In my first pregnancy I found out very early on at around five days before my period was due. The tests I had bought worked by showing a second pink line if the pregnancy hormone HCG was found in my urine. I knew that for a second line to appear there MUST be HCG in my system so when I got a very faint second line I interpreted it as a positive test. My partner did not, possibly due to his own fears around becoming a dad. He insisted that because the tests were cheap that they must be faulty. Even a second positive test a few days later did not convince him. This was a particularly distressing time for me as I knew I was pregnant but felt very alone and overwhelmed as he did not believe me. The news sunk in for him when I missed my first period and confirmed the pregnancy with a Clear Blue digital test that literally spelt out the word 'PREGNANT'.

Finding out we were pregnant after our miscarriage went the same way. I tested, saw a faint positive line and shared the news with my partner. He debated the validity of the test and the visibility of the line and so we bought a more expensive test and got a positive result that he was happy to accept.

The moment itself wasn't how I imagined it to be. There weren't any tears of joy, jumping on the spot or wild embraces. In actual fact he high-fived me and said 'congratulations you're pregnant'. Not the romanticised version that is portrayed in the media but a fitting moment for us and one we laugh about now. We can look back and laugh at the fact that on both occasions he didn't believe I was pregnant, despite all the evidence!

A Few Things I Learnt On The Day I Found Out I Was Pregnant...

  • Even if it's expected and planned you may still feel shocked, emotional and overwhelmed. It is possible to feel absolute joy and sheer terror simultaneously.
  • Allow yourself to feel whatever comes to the surface. After our miscarriage I thought I would feel an overwhelming joy at being pregnant again but it was a moment of sadness and mourning for the little life that had been before it. I was happy and overjoyed at the thought of being a mum but in that moment I was reminded of what we had lost and the pain and fear of having to go through something similar again. 
  • Your partner may not react how you expect them to. Throughout all our discussions about getting pregnant my partner was loving, supportive and made me feel reassured and safe.This changed when we actually got pregnant and I initially felt shocked and let down. I now understand that he was also going through a range of emotions and his distance from me and lack of excitement was due to his own fears and anxieties. I often forget that he has emotions too!

Why I decided to stay on medication despite the risk to my unborn child

Autistic and Pregnant, First Trimester, Medication, Anti Depressants Use In Pregnancy, SertralineA bold title for a blog post but it's the truth. I'm not writing this post to cause controversy and I know that some people will not agree with the decision I made but for many people with a wide variety of health conditions it's a decision that needs to be made. As explained by my doctor, a lot of medication is not tested on pregnant women purely because of the ethics involved and because of that it's very difficult for medical professionals to know which medication is safe. Tests are performed on pregnant animals, something which doesn't sit well with me but I do understand the need for it. So often the best a doctor can tell you is how the medication affects animal fetuses and then it's down to you to decide if it's a risk worth taking.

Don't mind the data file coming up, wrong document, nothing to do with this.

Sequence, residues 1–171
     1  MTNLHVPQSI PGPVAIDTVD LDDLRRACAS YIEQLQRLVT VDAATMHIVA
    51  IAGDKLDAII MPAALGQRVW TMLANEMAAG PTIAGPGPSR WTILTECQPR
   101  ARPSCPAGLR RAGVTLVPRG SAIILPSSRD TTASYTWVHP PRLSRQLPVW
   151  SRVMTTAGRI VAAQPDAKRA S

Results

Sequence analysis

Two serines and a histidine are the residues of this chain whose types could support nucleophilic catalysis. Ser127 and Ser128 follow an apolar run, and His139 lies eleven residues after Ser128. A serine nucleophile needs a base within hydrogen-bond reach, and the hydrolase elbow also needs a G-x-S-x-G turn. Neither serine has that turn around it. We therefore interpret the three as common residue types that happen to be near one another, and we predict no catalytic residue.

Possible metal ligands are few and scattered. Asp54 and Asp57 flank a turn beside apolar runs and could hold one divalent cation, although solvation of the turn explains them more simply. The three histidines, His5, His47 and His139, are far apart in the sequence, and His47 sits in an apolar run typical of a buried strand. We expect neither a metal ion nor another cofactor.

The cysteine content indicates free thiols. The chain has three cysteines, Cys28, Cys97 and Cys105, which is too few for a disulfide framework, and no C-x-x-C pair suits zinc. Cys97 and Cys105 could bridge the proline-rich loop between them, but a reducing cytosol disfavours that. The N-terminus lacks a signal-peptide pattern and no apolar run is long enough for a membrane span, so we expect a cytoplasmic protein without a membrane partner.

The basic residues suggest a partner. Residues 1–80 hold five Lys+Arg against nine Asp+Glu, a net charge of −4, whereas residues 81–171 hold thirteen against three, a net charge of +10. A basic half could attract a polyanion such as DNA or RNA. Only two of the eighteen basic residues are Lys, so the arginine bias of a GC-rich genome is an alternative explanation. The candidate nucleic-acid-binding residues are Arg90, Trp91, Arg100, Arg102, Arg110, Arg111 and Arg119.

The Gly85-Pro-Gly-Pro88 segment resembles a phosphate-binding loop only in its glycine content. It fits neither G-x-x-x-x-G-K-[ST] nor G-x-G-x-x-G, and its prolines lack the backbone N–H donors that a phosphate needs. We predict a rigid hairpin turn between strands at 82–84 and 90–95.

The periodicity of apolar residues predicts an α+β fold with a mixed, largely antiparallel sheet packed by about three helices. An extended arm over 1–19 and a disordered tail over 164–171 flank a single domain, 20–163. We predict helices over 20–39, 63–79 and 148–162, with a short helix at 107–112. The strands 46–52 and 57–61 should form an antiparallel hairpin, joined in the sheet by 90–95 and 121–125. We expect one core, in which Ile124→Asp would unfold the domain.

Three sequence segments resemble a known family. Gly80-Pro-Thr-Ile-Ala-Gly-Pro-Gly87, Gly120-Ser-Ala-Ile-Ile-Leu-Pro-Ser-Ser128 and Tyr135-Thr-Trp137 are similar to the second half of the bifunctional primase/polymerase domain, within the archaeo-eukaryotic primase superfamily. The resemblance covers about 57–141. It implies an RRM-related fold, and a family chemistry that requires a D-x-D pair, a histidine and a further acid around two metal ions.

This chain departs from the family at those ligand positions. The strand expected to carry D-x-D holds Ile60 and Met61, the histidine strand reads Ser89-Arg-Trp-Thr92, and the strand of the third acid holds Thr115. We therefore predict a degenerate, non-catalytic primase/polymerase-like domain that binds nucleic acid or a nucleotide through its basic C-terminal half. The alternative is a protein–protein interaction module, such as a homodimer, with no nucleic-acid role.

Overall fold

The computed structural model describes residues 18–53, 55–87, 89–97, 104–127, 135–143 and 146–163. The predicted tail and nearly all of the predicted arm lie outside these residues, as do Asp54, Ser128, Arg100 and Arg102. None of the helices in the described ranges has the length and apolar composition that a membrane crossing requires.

Before we decided to try for a baby I spoke to a few doctors about the implications of staying on my medication and I got a very wide range of responses. I have been taking 100mg Sertraline daily for many years now and have found that it has greatly assisted me in keeping my mood stable, my emotions under control and my obsessive compulsive tendacies at a manageble level.  The first doctor I spoke to was very understanding of why I take Sertraline and said that sometimes the risk to baby is small in comparison to the risk to the mother if they come off medication. At the time I was relieved to hear this, it was reassuring to know that I had some support if I decided to stay on the tablets. The next doctor I spoke to had the complete opposite opinion and almost demanded that I stop taking my medication immediately. This was very daunting for me. This doctor also said that having autism didn't have an effect on pregnancy and vice versa. This is not the case, autism is a factor in everything I do and pregnancy is sadly no exception. I am self aware enough to know that pregnancy would have a huge effect on my body, my mental stability, my 'rules' and that it could be a potential trigger for a bout of serious mental illness. I found her lack of understanding very upsetting. The last doctor I saw offered a more balanced viewpoint and fully explained the research behind what she said. She informed me that animal studies have shown a slight increase in the chances of a heart defect. She also said that there is no human research to compare that to. I was also informed that I could switch to an older antidepressant for the first 12 weeks and then back to Sertraline for the rest of the pregnancy. I left this appointment feeling like i'd been given a full explanation of my options though the difficult decision was still to be made.

My partner and I spoke at length about our options and I talked it through with a close friend and my mum. Ultimately though the decision lay with me. Only I know what my mind and body can endure and I had made my decision which thankfully was supported by those around me. I had decided that the risk to myself was greater than the risk to my baby. I knew that changing medication temporarily wouldn't work for me. The older drugs offered had caused me many side effects before and as I had settled so well on the Sertraline withdrawing from it altogether wasn't a viable option for me, I feared my mental health would decline to a point where I was at risk. As explained by that first doctor 'an unhealthy mum can't grow a healthy baby' and she was right. Pregnancy is difficult enough without adding antidepressant withdrawal and medication upheaval to the mix. In order to do the best for my baby I had to do what was best for myself. It wasn't an easy decision and I know that if anything is wrong with my child then I will blame myself as I carried on taking the tablets. My only defence is that I did what I thought was right and I tried my best which is all any mum ever strives to do.